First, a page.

Think about it. If we determine that we do want to be in a relationship, we have taken the first step to making it happen. The fear of intimacy causes us to keep others away when our greatest desire is to have someone in our lives. Do you really want to be alone or do you want to be surrounded by friends? Are you seeking a special someone to share your life with? If the answer is yes, by recognizing it we can overcome our fears to allow love in our lives.


Get out of the house

Once it has been decided that we want people in our lives and we want close, intimate relationships with them, it is time to get out of the house. Being surrounded by people is an important step in overcoming our fear of intimacy. It will be hard at first, but it can be done. Start slowly and build up your outings to a few times a week. Go to places that you enjoy, so you can meet people with similar interests. You can even try to start a conversation with a total stranger when you’re out, but don’t push yourself to venture out too fast though.


Let others into your life

Many of us are guilty of pushing people out of our lives because of the fear of intimacy. Now that you’ve decided that you want personal relationships, you have to let others into your life. Answer phone calls, accept invitations to go out, and stop making excuses so you won’t have to interact with others. By avoiding others, you will only make your fears worse. You will become alienated, lonely and bitter. Let people be part of your life. By opening ourselves to intimate relationships, we can feel empty spaces in our lives.


Let go of insecurities and build self-confidence

It is amazing what can happen when you increase your self-confidence. We can achieve this important step towards intimacy by taking proactive measures. Taking more walks, eating more healthy and working out are all ways to boost your self-confidence, allowing you to let go of your insecurities. You can also build your confidence by doing meditation, cooking your favorite recipes and spending time in areas that have brought you joy. By inspiring yourself to take on new things, you will also gain the confidence needed to allow others into your life.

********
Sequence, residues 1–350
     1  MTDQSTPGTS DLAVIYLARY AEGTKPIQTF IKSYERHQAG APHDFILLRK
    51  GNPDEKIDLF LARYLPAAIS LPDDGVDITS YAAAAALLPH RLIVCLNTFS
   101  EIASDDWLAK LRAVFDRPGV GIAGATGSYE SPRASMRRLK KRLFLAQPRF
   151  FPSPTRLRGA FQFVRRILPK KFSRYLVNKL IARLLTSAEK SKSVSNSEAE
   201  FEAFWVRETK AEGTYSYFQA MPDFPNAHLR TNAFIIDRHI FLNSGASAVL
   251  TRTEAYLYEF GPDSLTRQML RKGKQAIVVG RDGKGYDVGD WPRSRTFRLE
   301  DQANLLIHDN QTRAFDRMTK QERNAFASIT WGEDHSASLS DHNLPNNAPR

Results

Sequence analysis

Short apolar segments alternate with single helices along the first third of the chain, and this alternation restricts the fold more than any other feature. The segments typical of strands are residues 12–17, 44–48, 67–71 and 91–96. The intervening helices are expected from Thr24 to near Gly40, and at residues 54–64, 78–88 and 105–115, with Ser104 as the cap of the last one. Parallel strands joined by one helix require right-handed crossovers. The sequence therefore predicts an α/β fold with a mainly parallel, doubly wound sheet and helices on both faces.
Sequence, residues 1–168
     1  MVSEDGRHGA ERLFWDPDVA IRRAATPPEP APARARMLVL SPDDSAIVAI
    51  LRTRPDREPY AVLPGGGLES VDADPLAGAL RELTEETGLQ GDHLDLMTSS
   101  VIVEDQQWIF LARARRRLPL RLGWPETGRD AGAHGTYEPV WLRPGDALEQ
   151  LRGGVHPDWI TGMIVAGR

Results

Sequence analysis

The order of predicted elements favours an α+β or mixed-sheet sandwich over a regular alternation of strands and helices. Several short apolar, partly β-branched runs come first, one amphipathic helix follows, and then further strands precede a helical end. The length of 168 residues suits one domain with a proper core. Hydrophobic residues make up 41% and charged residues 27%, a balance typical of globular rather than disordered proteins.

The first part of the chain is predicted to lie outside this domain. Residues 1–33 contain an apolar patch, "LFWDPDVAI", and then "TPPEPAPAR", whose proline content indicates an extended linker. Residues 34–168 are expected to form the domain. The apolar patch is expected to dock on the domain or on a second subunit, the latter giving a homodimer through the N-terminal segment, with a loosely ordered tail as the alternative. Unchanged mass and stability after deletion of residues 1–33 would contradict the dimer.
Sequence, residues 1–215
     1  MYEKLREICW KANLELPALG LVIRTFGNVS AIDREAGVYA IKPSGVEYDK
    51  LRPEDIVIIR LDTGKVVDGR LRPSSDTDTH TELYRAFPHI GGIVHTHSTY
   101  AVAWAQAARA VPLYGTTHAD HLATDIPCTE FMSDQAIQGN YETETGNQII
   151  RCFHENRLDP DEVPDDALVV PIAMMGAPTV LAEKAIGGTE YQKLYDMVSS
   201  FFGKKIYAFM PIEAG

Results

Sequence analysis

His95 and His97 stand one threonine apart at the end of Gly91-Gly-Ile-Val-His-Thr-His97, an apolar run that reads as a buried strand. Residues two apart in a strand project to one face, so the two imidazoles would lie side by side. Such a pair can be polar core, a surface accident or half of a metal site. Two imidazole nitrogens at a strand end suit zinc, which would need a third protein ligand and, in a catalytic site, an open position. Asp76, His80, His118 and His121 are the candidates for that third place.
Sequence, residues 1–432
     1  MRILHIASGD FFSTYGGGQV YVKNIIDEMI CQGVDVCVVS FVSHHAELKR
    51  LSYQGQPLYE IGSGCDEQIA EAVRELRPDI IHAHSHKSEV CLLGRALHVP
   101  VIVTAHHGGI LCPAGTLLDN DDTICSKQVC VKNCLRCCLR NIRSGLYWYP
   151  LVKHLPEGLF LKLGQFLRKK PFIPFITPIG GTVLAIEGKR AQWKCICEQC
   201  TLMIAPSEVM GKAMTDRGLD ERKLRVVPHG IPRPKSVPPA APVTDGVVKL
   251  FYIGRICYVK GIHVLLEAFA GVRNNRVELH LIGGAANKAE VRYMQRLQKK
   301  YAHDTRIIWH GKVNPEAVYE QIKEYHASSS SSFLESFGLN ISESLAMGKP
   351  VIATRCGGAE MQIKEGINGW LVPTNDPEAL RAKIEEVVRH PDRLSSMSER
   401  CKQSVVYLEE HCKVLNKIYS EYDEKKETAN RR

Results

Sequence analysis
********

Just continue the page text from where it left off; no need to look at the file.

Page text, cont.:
Stop being so serious

Loosen up and let loose. When we relax and laugh, we allow others to join us in our happiness. Our fear of intimacy starts to diminish as we opt to take chances on others. Don’t take things too seriously and allow yourself to go out. Part of this process is to stop trying to make everything perfect. When we let ourselves have fun, we tend to interact with other people, which gives us opportunities to establish close friendships and personal relationships.


Don’t forget you deserve to be loved

Our insecurities and fears of intimacy can make us believe we don’t deserve happyness and strong personal relationships. Because we have been unable to let other get close, we start to believe we don’t deserve deep-rooted and loving people in our lives. We must tell ourselves that we are allowed to make mistakes, and even though we may get hurt sometimes, we still deserve to be loved. Always remember that by exposing your feelings to people in your life, you are allowing love in your life as well.



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  • GuestSep.16 02:26
    Hello: Well said, I'd just like to add ONE caveat: if a person has been sexually abused, at any time during life, this will definitely affect their fear in this area, from a very real experience, the 7 steps may need an addendum with resources for this type of fear of intimacy. Thank you.
  • TinaSep.17 02:57
    @ : Thanks for the comment and the reminding of the references... how could I forgot to list all the sources I used...